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Disclaimer: I'm basing my information off of this link in the case where I do not provide enough context. All calculus I've learned has been through curiosity, digging up old textbooks and google (I haven't taken any formal courses yet).

$$\displaystyle V = 2\pi \int_0^r (r^2 - y^2) dy$$ $$V = 2\pi \left[ r^2y - \dfrac{y^3}{3} \right]_0^r$$ $$V = 2\pi \left[ \left(r^3 - \dfrac{r^3}{3}\right) - \left(0 - \dfrac{0^3}{3}\right) \right]$$

1) What is the thought process when transforming these equations? Knowing the process would be extremely helpful and appreciated, as well as knowing about some specific notations/conventions...

2) What does the $[...]_0^r$ in the second equation represent? Do the $0$ and $r$ act as limits for something?

3) In the second equation, what happened to delta $y$ ($dy$)? Did we simply "rename" it $y$ in the second equation?

Please use elementary terms when possible in your answer; it will enhance my understanding. Thank you!

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  • $\begingroup$ This is calculus. You need to take a whole class on it. $\endgroup$
    – user223391
    Jul 23 '16 at 0:10
  • $\begingroup$ @ZacharySelk Basic differentiation/integration/limits are understandable, are the basics not applicable here...? $\endgroup$ Jul 23 '16 at 0:14
  • $\begingroup$ The $[\cdots]_0^r$ notation means "evaluate at the top and bottom things and subtract." It's what you do when you apply the fundamental theorem of calculus to calculate a definite integral. This should be covered in most calculus classes (I would hope). The thought process is just "integrate the things it's telling us to integrate." The whole thing here is mechanical, there's no cleverness or creativity to it (except setting up the integral in the first place to it), and it's something you should have learned in a calculus class. $\endgroup$ Jul 23 '16 at 0:17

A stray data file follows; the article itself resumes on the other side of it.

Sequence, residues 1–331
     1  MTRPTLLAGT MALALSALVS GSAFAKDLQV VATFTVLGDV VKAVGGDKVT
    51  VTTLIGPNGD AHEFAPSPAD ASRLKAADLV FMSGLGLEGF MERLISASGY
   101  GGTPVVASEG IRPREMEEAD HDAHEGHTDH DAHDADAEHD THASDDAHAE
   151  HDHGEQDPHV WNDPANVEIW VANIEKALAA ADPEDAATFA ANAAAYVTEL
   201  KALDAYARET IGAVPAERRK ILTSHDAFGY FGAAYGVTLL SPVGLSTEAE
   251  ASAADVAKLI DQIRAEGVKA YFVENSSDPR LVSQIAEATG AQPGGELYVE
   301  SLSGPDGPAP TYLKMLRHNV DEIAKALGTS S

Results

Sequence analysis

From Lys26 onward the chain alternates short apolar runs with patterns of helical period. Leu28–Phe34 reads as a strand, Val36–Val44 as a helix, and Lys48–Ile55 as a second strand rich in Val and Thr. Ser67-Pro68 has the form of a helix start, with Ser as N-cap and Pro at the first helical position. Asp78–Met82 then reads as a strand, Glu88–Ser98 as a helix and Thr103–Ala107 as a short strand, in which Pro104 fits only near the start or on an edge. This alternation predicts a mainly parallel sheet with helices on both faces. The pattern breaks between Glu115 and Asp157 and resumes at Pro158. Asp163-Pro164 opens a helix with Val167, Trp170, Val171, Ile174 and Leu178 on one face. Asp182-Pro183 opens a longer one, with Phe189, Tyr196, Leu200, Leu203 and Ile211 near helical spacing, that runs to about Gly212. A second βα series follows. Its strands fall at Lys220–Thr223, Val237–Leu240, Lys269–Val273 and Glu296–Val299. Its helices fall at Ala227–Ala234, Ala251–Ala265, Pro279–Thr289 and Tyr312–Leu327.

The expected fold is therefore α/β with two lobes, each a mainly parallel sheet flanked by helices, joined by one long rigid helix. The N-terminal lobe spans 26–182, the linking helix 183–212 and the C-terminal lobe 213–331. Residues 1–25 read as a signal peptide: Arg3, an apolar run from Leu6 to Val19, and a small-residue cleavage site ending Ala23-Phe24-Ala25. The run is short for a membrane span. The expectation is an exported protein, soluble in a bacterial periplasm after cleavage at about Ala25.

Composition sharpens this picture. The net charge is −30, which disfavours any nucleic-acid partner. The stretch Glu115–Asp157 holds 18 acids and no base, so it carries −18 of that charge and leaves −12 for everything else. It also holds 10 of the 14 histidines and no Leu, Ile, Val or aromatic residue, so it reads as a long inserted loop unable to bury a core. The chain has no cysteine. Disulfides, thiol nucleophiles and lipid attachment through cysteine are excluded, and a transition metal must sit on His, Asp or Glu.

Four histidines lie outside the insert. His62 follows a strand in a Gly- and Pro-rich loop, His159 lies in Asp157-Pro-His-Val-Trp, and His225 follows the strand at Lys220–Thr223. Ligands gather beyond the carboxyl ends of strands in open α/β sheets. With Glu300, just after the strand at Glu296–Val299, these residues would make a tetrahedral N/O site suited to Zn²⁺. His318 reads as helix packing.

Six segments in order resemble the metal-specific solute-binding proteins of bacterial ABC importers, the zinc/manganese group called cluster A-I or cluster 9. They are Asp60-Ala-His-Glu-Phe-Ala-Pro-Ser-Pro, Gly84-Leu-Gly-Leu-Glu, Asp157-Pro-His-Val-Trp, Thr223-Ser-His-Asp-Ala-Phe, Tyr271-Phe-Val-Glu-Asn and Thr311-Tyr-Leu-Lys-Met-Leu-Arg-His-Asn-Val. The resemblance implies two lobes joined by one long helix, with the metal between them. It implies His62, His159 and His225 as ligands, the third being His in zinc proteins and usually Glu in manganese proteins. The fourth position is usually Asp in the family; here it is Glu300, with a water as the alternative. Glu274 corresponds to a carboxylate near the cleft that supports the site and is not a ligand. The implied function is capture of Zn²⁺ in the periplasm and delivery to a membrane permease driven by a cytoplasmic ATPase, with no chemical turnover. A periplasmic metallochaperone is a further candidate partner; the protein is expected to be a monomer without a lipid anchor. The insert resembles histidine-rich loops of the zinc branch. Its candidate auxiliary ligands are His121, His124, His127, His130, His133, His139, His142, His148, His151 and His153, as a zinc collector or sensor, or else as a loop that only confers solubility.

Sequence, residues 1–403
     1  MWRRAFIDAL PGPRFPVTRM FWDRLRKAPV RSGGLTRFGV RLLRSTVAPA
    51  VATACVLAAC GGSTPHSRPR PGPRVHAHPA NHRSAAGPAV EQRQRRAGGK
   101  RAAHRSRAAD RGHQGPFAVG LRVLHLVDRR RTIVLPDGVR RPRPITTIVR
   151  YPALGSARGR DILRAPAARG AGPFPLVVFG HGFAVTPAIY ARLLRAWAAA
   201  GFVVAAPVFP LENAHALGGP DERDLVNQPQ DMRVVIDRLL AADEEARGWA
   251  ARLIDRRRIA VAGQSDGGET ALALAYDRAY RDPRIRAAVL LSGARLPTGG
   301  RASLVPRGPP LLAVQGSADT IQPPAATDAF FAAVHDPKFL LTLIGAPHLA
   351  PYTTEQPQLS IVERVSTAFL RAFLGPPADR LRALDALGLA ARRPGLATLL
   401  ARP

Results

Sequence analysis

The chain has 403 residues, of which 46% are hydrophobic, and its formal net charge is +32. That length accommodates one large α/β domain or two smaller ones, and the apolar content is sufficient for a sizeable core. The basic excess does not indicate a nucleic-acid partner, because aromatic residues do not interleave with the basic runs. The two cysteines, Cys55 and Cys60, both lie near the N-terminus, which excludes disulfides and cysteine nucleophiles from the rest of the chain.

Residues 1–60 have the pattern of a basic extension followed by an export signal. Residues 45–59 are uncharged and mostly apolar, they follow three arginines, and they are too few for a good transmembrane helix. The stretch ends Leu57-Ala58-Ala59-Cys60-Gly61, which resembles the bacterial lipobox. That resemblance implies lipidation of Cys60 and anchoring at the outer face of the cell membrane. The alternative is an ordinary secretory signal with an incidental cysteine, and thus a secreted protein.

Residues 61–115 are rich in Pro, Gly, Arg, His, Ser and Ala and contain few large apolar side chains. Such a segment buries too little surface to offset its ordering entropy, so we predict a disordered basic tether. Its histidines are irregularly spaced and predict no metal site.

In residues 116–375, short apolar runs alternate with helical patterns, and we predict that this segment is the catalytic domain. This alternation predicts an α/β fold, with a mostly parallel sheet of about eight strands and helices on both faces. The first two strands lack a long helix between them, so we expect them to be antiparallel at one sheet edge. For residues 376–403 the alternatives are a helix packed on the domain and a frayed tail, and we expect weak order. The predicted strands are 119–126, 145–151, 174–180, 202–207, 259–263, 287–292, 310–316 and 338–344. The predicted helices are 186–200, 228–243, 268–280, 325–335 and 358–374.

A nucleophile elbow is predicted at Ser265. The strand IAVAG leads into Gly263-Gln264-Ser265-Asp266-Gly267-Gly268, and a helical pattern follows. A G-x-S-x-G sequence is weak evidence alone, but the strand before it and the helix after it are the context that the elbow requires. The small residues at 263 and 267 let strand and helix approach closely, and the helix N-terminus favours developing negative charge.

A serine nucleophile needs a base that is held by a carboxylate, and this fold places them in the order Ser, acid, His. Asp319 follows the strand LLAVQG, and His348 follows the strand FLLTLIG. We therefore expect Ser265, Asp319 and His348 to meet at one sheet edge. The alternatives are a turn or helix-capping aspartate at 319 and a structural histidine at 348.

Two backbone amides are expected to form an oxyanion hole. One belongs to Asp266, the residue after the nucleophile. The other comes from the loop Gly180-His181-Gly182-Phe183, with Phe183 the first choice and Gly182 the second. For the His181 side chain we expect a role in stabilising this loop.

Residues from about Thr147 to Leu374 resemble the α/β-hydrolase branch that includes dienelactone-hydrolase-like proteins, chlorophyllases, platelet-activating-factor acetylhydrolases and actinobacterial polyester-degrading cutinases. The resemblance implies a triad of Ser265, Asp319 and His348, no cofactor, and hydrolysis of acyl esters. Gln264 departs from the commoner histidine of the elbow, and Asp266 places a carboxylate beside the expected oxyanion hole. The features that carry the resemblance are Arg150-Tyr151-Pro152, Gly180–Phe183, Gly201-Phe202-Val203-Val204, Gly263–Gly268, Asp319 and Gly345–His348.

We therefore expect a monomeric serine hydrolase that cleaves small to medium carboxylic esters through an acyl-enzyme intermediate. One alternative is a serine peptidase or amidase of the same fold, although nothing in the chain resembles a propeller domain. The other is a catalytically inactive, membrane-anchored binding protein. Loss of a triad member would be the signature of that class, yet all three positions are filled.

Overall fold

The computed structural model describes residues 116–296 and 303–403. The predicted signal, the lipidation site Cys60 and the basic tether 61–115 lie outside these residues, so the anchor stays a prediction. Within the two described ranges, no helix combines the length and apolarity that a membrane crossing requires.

• $\begingroup$ @arctictern I thought I pointed out that I haven't taken a formal class yet; regardless thank you for the clarification. $\endgroup$ Jul 23 '16 at 0:25
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Upon applying $$\int_0^r \ldots dy$$

you get an expression like this $$[F(y)]_0^r$$

which is the same thing as $F(r)-F(0)$, where $F$ is any antiderivative of $f$.

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1) To obtain the first equation, the author basically thought of $x$ as a function of $y$, noting that $x^2+y^2=r^2$ (this comes from the equation of a circle). They simply wrote $x^2$ explicitly in terms of $y$ so that they could calculate the integral.

2) $[g(y)]_a^b$ is a shorter way of writing $g(b)-g(a)$. Expressions like this are common when utilizing the fundamental theorem of calculus, which (in part) states that if $f$ is continuous and $F'(t) = f(t)$, then $$\int_a^bf(t)dt = F(b)-F(a) = [F(t)]_a^b$$

3) The second equation was obtained by applying the fundamental theorem of calculus above. The integrand was $f(y) = r^2-y^2$. Then you want to find a function $F(y)$ whose derivative is $f(y)$; using basic rules of differentiation, this turns out to be $F(y) = r^2y-\frac{y^3}{3}$. Then the value of the integral is just $F(r)-F(0)$.

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The problem is to derive the volume of a sphere w with radius r. One way of going about it is to "sum" over the surface areas of smaller spheres.

The first equation says to "add" the surface areas of all spheres with radius y (where 0 < y < r) all together, thereby filling the volume.

The second equation gives the anti-derivative for the surface areas, together with the bounds of integration.

Thirdly, using the Fundamental Theorem of Calculus (which you should read up on), we evaluate the integral, and establish the desired identity

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